by Matt Roberson · July 28, 2015
Isaac Byrne, Adam Belvo | Yvonne Alloway
“It’s dark as a dungeon way down in the mine.” - Merle Travis
To call Butcher Holler Here We Come a “dark play” isn’t close. In every way possible, this fast-paced thriller is as pitch black as the tomb of coal and rock it’s characters find themselves trapped inside.
To start, there’s the lighting, by which I mean there isn’t any. Or not much at least. As part of The Tank’s interesting “DarkFest,” the smart folks behind this play were forced to illuminate the action without use of the rig hanging above.
And then there’s the story, which is probably the darkest part of all. “Five souls,” trapped underground in the rural hills of West Virginia. Five men, all plagued by ghosts and demons that had no trouble finding their hosts beneath the broken earth. Drug addiction, black lung, fresh tragedy, religious zealotry, and at least one anti-capitalist radical who may be responsible for the explosion that starts the play. It’s clear early on that not everyone is getting out alive. And for those that do, the path to freedom is going to be messy.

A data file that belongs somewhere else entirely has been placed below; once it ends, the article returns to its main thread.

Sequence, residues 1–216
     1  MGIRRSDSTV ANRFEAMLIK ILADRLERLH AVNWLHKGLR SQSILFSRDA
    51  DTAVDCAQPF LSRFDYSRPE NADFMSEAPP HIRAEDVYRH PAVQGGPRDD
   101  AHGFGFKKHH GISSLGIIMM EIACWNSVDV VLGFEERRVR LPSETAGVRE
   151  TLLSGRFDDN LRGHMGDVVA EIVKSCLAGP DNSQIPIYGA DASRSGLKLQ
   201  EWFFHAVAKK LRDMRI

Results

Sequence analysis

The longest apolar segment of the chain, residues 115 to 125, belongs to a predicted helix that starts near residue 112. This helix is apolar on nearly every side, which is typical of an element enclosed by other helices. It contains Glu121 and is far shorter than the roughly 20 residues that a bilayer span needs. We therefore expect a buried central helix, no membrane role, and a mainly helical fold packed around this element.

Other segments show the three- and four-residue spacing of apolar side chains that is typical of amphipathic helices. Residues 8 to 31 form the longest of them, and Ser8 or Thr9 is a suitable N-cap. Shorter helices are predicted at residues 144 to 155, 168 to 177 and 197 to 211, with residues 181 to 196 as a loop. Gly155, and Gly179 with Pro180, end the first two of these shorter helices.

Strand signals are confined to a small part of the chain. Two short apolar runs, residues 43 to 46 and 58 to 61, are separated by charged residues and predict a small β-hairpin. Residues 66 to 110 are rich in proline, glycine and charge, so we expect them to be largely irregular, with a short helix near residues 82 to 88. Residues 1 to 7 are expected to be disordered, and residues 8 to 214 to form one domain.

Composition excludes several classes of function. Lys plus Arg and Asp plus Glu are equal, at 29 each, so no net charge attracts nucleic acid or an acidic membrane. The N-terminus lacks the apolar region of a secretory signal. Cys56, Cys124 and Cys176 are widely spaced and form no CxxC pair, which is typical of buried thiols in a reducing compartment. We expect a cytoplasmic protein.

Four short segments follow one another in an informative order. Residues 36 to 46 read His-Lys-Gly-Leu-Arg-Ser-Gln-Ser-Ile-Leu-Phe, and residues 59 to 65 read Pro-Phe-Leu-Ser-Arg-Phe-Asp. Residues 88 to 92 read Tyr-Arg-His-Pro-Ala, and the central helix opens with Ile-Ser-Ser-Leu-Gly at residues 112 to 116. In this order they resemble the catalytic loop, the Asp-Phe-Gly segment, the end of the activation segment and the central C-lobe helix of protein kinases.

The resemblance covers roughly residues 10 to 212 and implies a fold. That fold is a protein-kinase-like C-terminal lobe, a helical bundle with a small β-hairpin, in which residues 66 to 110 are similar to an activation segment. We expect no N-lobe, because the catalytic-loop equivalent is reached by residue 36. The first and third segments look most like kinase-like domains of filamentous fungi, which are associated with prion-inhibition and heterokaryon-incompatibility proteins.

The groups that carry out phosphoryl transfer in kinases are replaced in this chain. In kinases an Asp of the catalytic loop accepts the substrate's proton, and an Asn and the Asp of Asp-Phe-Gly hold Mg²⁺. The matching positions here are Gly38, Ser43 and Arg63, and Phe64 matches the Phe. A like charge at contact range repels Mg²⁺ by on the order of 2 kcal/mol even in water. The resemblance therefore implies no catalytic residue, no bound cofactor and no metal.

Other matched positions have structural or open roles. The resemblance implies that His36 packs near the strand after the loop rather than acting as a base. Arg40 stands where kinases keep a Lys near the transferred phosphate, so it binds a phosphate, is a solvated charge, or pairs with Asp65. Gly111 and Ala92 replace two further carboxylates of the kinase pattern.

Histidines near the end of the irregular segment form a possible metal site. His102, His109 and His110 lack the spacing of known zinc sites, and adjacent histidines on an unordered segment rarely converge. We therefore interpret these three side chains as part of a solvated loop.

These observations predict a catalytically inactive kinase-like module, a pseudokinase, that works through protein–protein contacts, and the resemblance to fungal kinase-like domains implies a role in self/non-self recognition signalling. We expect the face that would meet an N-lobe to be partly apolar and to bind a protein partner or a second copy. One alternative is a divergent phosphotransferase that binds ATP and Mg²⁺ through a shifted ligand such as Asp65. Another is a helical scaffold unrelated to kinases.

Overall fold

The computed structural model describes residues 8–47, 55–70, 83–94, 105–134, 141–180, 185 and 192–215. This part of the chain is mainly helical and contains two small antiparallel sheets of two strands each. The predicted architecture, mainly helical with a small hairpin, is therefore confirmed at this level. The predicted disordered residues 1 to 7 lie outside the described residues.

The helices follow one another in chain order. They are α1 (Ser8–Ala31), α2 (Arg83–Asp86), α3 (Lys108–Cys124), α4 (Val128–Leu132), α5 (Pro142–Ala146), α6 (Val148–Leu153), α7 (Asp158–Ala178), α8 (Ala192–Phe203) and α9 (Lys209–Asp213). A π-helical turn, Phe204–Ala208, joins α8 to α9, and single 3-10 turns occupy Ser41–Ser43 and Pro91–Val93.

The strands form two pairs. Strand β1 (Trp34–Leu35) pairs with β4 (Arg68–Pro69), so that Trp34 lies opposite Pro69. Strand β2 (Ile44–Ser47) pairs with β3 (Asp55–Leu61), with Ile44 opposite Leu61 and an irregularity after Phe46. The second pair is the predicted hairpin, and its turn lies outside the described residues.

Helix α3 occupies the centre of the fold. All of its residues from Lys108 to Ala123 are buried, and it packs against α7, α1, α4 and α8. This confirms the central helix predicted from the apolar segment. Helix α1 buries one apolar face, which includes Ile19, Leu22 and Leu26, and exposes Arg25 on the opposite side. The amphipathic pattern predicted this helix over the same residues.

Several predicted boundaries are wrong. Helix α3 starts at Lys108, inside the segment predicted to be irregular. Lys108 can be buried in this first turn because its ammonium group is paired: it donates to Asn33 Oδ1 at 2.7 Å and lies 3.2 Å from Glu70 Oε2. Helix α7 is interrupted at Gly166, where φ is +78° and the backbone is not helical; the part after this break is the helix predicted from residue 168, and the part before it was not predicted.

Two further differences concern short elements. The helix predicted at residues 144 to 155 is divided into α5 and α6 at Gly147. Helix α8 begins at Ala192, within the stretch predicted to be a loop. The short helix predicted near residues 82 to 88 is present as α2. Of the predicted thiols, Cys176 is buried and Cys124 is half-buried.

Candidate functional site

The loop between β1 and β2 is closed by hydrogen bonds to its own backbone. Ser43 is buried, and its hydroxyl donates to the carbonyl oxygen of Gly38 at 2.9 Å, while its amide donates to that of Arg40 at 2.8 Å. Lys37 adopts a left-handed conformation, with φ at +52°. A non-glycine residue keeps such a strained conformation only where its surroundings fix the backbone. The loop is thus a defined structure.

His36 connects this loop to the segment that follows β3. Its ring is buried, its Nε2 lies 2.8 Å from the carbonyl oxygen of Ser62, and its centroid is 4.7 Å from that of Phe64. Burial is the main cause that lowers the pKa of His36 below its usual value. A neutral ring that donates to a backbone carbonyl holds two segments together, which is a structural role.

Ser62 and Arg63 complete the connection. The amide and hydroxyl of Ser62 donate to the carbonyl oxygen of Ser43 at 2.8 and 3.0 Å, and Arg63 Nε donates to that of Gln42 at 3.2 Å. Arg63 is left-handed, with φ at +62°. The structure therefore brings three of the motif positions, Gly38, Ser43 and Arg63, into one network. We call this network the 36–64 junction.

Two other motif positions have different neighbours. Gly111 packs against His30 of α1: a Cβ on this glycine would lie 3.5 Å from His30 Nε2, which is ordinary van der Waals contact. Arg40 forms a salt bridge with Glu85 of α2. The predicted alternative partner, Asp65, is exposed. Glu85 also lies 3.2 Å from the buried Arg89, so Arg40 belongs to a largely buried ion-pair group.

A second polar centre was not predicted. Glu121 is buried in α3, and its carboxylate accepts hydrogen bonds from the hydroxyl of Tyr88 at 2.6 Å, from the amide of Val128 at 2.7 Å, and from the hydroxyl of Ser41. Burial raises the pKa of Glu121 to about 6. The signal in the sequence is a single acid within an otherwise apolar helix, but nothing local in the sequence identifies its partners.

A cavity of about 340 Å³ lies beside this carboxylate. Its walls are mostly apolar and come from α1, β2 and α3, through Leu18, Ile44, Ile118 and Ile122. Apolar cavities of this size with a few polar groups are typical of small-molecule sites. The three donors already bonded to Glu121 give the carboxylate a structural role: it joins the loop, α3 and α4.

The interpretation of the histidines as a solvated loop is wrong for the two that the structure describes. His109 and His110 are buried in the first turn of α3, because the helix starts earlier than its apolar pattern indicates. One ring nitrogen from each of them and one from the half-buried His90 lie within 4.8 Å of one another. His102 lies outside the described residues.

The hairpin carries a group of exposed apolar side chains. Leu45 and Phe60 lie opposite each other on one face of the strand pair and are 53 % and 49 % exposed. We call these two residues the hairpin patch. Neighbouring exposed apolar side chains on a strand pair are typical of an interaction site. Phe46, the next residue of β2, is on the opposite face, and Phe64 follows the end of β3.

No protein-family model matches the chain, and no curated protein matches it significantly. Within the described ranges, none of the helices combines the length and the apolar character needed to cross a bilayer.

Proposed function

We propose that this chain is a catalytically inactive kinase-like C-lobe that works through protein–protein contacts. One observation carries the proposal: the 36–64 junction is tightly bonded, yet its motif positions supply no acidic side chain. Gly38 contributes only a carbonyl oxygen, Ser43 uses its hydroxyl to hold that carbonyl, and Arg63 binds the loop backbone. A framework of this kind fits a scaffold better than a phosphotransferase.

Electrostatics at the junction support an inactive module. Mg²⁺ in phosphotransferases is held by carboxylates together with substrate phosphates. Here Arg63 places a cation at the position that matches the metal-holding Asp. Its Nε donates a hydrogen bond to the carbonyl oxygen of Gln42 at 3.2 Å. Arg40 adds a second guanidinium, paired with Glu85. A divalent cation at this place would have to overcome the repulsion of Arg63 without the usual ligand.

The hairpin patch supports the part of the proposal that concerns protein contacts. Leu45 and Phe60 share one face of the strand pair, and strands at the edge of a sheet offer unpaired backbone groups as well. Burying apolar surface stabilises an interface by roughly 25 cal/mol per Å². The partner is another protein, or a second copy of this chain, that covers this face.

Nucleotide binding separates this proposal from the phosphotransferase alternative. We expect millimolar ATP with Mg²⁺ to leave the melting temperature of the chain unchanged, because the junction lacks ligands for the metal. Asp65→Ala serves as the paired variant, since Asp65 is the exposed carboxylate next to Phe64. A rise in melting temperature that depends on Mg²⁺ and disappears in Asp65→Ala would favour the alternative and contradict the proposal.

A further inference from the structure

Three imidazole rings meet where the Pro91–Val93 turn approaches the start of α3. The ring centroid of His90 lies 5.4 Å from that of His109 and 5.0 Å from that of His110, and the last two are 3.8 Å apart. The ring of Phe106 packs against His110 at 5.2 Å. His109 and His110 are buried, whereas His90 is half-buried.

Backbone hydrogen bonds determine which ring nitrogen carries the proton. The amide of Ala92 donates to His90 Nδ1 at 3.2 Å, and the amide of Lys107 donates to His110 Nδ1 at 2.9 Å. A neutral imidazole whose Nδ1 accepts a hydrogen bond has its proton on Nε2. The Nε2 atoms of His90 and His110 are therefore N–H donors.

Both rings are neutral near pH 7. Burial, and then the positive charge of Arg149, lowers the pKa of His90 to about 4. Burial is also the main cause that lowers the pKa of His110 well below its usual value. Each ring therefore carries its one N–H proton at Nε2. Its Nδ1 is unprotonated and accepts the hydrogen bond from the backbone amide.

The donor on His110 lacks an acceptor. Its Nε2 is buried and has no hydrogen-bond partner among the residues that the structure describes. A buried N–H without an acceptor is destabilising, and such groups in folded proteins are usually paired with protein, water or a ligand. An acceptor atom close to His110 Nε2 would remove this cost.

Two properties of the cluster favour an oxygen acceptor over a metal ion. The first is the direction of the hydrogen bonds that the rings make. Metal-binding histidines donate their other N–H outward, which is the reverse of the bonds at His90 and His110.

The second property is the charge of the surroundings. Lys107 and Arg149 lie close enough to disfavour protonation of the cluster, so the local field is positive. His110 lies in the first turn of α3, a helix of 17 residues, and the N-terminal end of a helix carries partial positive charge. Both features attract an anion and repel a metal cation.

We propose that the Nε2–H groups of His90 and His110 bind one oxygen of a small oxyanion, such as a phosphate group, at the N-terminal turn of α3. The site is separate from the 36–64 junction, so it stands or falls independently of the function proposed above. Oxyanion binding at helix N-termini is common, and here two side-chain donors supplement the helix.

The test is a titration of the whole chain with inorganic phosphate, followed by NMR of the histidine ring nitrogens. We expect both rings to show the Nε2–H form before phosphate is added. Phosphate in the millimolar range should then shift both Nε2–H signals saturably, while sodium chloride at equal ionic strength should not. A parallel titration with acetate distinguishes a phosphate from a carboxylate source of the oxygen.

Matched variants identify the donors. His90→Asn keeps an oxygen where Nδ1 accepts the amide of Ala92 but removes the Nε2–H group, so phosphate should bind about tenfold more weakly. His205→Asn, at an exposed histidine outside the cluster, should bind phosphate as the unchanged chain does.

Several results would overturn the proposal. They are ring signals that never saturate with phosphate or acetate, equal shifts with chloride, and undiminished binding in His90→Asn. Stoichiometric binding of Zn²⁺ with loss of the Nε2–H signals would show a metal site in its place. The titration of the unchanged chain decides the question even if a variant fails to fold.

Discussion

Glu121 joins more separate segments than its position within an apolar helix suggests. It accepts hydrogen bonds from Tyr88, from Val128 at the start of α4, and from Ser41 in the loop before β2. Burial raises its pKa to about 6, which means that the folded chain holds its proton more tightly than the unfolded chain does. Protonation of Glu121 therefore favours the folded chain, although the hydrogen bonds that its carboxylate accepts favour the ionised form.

There’s a lot happening with this production, but none of it is as exciting and successful as this cast, who clearly enjoy working together under challenging circumstances. Lit only by small LED headlamps, each of the five effortlessly pull together bold physicality with clear emotion in creating and conveying characters that are distinct and equally fun to watch. And under the crisp, thoughtful staging of Leah Bonvissuto, the action spills across every inch of this tiny space, building to a finale that is at once terrifying and electric.
And though I found Casey Wimpee’s dialogue inventive but hard to follow and often too caught up in its own poetry, it is impressive the way his text works to create, and fuel, an atmosphere of chaos and discomfort.
Full disclosure: in the final scene, I closed my eyes, even though I couldn’t see a thing.
The fact that this small, headlamp-lit thrill of a show is happening mere steps from the “more is more” world of Broadway should not be lost on anyone. Theatre, regardless of budget or size, is about telling good stories in new and captivating ways. And by this standard, Butcher Holler Here We Come more than succeeds.